Victoria & Abdul

The setting and costuming were carefully crafted, showing the extravagance of royalty while also showing the silliness of ceremony.

Victoria and Abdul is a period drama, which isn’t really my cup-of-tea, but there’s true brilliance in casting Dame Judi Dench as Queen Victoria (again) – Dench depicting the Queen’s grit beautifully with guidance from director, Stephen Frears (both Frears and Dench having experience portraying Queen Victoria with Frears directing The Queen back in 2006 and Dench cast as Queen Victoria in, Mrs Brown (1997)).

Victoria & Abdul gives a glimpse into the personality of the woman, her iron will and the simplicity of her nature; the drawing reflected so well in Abdul’s eyes.

It was like watching an elderly, sick woman come to life.

And inspiring to see one so sure of her wants and needs against all other opinions, even those of her son.

Fan’s of Judi Dench you will enjoy seeing her play the borderline dirty old woman cradle snatching a younger man (Abdul, 24 when he first arrived in England and the Queen, in her 80s), and to admire her strength of character while surrounded by pompous idiots.

So, an enjoyable watch with highlights of humour and emotional undertones – a chance to look behind the curtain of English Royalty, to glimpse a remarkable woman who, against all odds and so late in life, found love and friendship in the most unlikely person, her Munshi, Abdul.

American Made

GoMovieReviews Rating:
Rated: MA 15+American Made

Directed by: Doug Liman

Writer: Gary Spinelli

Produced by: Brian Grazer, Brian Oliver, TylerThompson, Doug Davison, Kim Roth

Executive Producer: Ray Angelic

Starring:  Tom Cruise, Domhnall Gleeson, Sarah Wright, Roger Mitchell, Jesse Plemons, Lola Kirke, Alejandro Edda, Benito Martinez, Caleb Landry Jones, Jayma Mays.

When a film is promoted as ‘based on a true story’, I’m always curious to know which parts are factual and which take more creative options.

This was the question lingering at the back of my mind as I watched American Made, the story of Barry Seal, a TWA pilot, recruited by the CIA to fly reconnaissance over the camps of communist rebels in South America in the 1970s. In Universal Pictures’ American Made, Tom Cruise reunites with his Edge of Tomorrow director, Doug Liman.

Barry, played by Tom Cruise, establishes his ‘devil-may-care’ attitude in the movie’s opening scene when he tries to liven up his own TWA flights occasionally by turning off the auto-pilot and giving the passengers a quick bouncy thrill.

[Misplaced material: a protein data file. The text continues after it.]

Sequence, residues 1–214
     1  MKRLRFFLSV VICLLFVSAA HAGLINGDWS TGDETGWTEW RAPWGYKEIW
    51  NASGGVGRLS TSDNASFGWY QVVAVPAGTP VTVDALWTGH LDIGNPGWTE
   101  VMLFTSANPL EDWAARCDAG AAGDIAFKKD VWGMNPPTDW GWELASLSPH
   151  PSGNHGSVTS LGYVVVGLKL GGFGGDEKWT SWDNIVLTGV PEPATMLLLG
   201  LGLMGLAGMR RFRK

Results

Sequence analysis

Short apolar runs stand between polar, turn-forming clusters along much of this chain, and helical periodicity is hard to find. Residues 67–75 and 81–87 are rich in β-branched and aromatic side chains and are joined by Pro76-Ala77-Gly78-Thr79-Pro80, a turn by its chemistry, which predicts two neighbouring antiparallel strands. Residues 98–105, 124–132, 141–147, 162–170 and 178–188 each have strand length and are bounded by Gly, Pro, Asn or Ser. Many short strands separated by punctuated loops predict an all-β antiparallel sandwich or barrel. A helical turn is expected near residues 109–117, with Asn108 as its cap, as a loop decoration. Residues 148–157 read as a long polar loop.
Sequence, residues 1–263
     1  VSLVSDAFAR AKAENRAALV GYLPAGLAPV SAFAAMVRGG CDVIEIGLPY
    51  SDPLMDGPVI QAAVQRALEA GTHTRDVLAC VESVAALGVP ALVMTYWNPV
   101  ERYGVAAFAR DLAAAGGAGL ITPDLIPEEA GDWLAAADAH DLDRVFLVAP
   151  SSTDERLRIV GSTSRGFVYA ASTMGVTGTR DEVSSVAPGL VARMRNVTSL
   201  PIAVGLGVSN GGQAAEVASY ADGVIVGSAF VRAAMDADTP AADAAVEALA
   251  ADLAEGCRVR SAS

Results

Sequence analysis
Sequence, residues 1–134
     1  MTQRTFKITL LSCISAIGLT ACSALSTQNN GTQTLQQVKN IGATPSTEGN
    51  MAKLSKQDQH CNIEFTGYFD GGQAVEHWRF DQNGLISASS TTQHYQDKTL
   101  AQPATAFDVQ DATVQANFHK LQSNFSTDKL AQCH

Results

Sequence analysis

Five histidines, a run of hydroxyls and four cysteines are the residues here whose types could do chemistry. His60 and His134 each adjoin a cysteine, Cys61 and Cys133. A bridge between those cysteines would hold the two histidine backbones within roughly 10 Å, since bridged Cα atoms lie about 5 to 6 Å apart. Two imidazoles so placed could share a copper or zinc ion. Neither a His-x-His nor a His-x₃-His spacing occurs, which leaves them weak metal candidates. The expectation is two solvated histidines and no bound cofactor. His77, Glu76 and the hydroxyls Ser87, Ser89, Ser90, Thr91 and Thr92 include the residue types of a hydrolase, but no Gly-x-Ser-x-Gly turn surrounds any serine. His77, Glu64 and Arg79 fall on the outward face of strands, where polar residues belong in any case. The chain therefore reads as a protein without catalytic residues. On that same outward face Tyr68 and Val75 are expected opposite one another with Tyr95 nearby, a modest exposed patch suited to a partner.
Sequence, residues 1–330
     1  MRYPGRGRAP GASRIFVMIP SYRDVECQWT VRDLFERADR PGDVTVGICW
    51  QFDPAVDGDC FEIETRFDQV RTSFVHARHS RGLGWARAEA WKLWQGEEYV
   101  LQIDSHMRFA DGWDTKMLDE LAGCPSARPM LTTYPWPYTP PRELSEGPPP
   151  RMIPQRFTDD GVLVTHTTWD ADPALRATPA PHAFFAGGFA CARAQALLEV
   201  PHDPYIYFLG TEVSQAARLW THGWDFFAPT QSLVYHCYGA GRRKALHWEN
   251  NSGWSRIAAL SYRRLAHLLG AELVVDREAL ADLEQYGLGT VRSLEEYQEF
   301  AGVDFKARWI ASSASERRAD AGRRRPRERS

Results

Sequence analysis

Barry’s entrepreneurial skills also include picking up black market cigars on his South American stopovers and soon CIA agent Monty Schafer (played by Domhnall Gleeson) makes an offer that Barry just can’t refuse.

Very quickly Barry’s taking more than holiday snaps as he flies low over Communist guerrilla camps in Nicaragua. He’s a natural adventurer and next he comes onto the radar of the Medellin drugs cartel, an organized network of drug suppliers and smugglers originating in the city of Medellin, Colombia.American Made

Barry’s task is to pick up drugs in Colombia and drop them off to contacts in America so when he is eventually nabbed by the US Drug Enforcement Administration (DEA), he does a deal that sees him further recruited to deliver arms to the Contra rebels who are fighting for the overthrow of the Sandinista left-wing government in 1979 in Nicaragua.

Yes this sure is a bumpy ride and viewers need to hold onto their seats lest they get lost in the dramatic twists and turns of Barry’s story.

There’s not a lot of acting required here.

Cruise as Barry, whose moniker became ‘the gringo who just gets things done’,  roller-coasters through the action despite a slightly puzzled look on his face.

Sarah Wright as Lucy, his wife, plays the role of a pregnant, frazzled mother one minute and next the good-time party girl when the dollars start rolling in.

Domhnall Gleeson, as the CIA agent, is really just the stereotypical, emotionless cog in a well-oiled machine.American Made

However, the surprise for me was Caleb Landry Jones, playing ‘Bubba’, Seal’s brother-in-law. He was outstandingly creepy in the recent excellent thriller, Get Out. Here his character displays a truly believable feeling of pathos, with albeit, just a little bit of creepiness too.